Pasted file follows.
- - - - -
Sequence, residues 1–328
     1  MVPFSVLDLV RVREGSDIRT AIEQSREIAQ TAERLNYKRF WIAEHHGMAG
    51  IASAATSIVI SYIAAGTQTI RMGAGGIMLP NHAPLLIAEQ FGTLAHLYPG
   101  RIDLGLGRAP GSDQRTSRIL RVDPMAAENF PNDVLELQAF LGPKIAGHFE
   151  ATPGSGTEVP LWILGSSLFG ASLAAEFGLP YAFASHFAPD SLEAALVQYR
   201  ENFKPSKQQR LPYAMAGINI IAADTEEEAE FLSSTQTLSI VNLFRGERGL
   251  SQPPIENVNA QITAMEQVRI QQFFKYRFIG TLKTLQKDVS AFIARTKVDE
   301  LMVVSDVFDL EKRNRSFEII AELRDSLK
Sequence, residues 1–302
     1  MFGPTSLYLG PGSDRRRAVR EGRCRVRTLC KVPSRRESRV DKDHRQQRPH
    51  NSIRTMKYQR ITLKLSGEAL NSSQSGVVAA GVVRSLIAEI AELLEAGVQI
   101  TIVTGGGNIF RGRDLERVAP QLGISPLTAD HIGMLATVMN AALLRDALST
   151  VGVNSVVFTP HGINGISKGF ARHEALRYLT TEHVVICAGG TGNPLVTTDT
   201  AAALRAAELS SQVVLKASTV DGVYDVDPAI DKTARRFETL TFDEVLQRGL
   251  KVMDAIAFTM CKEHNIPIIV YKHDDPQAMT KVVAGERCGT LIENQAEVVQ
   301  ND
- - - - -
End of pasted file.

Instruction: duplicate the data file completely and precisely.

Sequence, residues 1–328
     1  MVPFSVLDLV RVREGSDIRT AIEQSREIAQ TAERLNYKRF WIAEHHGMAG
    51  IASAATSIVI SYIAAGTQTI RMGAGGIMLP NHAPLLIAEQ FGTLAHLYPG
   101  RIDLGLGRAP GSDQRTSRIL RVDPMAAENF PNDVLELQAF LGPKIAGHFE
   151  ATPGSGTEVP LWILGSSLFG ASLAAEFGLP YAFASHFAPD SLEAALVQYR
   201  ENFKPSKQQR LPYAMAGINI IAADTEEEAE FLSSTQTLSI VNLFRGERGL
   251  SQPPIENVNA QITAMEQVRI QQFFKYRFIG TLKTLQKDVS AFIARTKVDE
   301  LMVVSDVFDL EKRNRSFEII AELRDSLK
Sequence, residues 1–302
     1  MFGPTSLYLG PGSDRRRAVR EGRCRVRTLC KVPSRRESRV DKDHRQQRPH
    51  NSIRTMKYQR ITLKLSGEAL NSSQSGVVAA GVVRSLIAEI AELLEAGVQI
   101  TIVTGGGNIF RGRDLERVAP QLGISPLTAD HIGMLATVMN AALLRDALST
   151  VGVNSVVFTP HGINGISKGF ARHEALRYLT TEHVVICAGG TGNPLVTTDT
   201  AAALRAAELS SQVVLKASTV DGVYDVDPAI DKTARRFETL TFDEVLQRGL
   251  KVMDAIAFTM CKEHNIPIIV YKHDDPQAMT KVVAGERCGT LIENQAEVVQ
   301  ND